As scientists continue to expand their efforts to communicate effectively, they will also encounter challenges of how to communicate appropriately. How can the obligations to be accurate to the science and engaging to the audience be balanced? What roles can scientists play, especially on controversial topics? Are scientists responsible for what happens to their messages when journalists and other communicators get involved? The Cases for Teaching Responsible Communication of Science project at Iowa State University has developed case studies based on actual events to allow these and related questions to be explored in classroom settings.
Each of the cases below includes a student packet to provoke discussion of these challenging ethical issues. In addition, most also include a more in depth role-play version, inviting students to take on different “characters” with different perspectives of the communication choices. Finally you’ll find teachers’ guides to using the cases in both formats, bibliographies of possible readings, issues briefs summarizing the likely arguments in the case, and a description of the actual outcomes.
This collection of "mini cases" expands the set of TRCS full cases to touch on more fields, more communication situations, and more ethical dilemmas. All are based on real decisions that have come to our attention, although we have not always followed up with interviews with participants. We use the cases to spark 5-10 minute discussions of communication ethics … Continue reading Assorted Bite-Sized Case Studies
This case focuses on the similarities and differences in the communication roles, goals and normative standards of journalists and scientists. Katie Couric, a reputable journalist with a good record on health issues, did a show on the HPV vaccine that used the powerful communication technique of story-telling in a way that over-emphasized alleged harms. She … Continue reading Vaccine Stories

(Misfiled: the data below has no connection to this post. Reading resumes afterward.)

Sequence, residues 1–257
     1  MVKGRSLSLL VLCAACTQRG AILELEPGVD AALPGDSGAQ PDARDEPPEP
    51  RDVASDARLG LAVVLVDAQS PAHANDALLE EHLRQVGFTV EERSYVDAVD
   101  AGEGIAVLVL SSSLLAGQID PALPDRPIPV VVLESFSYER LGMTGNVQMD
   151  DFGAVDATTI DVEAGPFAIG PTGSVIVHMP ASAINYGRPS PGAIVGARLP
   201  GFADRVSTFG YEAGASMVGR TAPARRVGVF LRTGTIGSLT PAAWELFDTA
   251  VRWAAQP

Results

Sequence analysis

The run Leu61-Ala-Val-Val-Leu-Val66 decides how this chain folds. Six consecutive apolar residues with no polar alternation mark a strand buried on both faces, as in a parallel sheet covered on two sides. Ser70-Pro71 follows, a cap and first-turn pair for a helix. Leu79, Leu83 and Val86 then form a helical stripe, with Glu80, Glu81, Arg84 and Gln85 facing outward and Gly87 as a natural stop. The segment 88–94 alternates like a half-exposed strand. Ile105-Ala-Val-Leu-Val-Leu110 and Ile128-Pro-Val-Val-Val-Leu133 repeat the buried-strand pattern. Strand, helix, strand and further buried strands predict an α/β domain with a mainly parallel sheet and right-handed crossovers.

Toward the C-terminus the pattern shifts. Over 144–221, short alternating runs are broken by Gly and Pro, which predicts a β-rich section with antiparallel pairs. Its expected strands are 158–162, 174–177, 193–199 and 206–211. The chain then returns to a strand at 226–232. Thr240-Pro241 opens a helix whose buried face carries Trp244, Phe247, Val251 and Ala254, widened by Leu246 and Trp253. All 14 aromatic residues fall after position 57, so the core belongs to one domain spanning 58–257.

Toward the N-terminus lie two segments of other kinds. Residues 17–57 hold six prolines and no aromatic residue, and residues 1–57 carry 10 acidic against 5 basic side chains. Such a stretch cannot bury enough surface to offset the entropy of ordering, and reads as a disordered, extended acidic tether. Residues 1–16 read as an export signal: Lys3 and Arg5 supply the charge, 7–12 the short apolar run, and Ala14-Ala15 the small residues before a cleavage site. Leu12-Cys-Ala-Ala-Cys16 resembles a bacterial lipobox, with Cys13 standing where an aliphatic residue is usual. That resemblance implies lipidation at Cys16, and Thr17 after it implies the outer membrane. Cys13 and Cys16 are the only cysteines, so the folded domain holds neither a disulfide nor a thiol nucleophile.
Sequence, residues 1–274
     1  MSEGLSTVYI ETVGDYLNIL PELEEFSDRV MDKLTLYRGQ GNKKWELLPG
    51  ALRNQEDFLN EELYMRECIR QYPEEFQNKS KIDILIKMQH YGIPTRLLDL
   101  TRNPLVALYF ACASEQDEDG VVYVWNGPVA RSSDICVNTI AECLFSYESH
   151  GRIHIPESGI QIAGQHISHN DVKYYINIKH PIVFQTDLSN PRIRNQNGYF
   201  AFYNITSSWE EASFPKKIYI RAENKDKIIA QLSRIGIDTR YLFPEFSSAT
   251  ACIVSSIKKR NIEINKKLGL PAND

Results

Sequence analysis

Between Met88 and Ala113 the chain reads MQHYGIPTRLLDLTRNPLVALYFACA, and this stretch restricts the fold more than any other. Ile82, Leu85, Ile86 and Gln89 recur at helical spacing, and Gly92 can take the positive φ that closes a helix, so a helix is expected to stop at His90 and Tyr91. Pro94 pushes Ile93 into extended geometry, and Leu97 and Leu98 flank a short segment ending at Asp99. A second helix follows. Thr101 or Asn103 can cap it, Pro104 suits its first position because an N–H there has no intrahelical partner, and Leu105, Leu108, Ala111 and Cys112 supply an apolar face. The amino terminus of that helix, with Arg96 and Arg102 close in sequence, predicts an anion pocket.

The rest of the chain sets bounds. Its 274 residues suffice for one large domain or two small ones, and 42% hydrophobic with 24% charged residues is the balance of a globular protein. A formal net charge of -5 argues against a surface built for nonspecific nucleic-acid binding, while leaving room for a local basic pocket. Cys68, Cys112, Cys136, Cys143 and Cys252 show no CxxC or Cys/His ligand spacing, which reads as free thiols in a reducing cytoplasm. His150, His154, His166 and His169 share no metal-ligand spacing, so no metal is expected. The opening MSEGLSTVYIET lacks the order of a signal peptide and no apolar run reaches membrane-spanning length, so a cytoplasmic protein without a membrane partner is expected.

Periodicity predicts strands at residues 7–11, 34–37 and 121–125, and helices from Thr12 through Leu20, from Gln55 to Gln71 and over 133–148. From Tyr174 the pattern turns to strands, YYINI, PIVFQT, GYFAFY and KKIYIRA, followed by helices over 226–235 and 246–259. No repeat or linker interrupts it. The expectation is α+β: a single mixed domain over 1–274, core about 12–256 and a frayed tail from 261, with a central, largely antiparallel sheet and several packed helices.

Political decisions regarding science can have significant impacts on society and scientists often have the expertise to allow them to meaningfully add to the public debate about those decisions. But is it appropriate for scientists to voice their opinions about policy? Or is it inappropriate for scientists to remain silent when they possess the most … Continue reading The Opinionated Scientist
Scientists are being encouraged to share their enthusiasm about science with the general public, engaging them with scientific results relevant to their lives. But when scientists try to do so, they may find that enthusiasm, engagement and relevance look like hype to their colleagues. This case asks students to serve as advisors to a young … Continue reading Should I hold a press conference?
Ken Ham, head of the Creation Museum, has challenged Bill Nye, the Science Guy, to debate creationism. Should Nye accept? Arguing this case will allow students to explore questions including: How should scientists interact with those who take positions that have no legitimacy in the scientific community? What functions are served by debates between scientists … Continue reading Debating Evolution
In 1999, scientists working at Cornell University, led by John Losey, completed a preliminary study in which they found that monarch butterfly larvae are harmed when they consume milkweed dusted with transgenic corn pollen. This finding was immediately used by some environmental groups to argue that transgenic crops should be banned, and was criticized by … Continue reading Monarchs in the Corn
Should scientists intervene in contentious issues? And if so, what can they do that will be appropriate and effective in supporting good decision-making on the issue? This case invites students to participate in drafting a public statement that uses the occasion of an extreme drought as a "teachable moment" on climate change. In drafting their … Continue reading Extreme weather, extreme communication?
When researchers and public information officers understand how the media select and shape news stories, they can predict what aspects of scientific research will gain media attention and even how the interpretation of that research may shift over time. How these groups should use this knowledge raises questions of ethics. This case focuses on a … Continue reading Genetically Modified Headlines
There are a number of incentives and societal pressures to communicate study results with statistically significant treatment differences. However, overstatement of scientific findings, even in the absence of factual errors or data falsification, can have negative effects for both the communicator and his or her target audience. This case focuses on a fictional abstract in … Continue reading Data Mining: Diamonds or Deceit?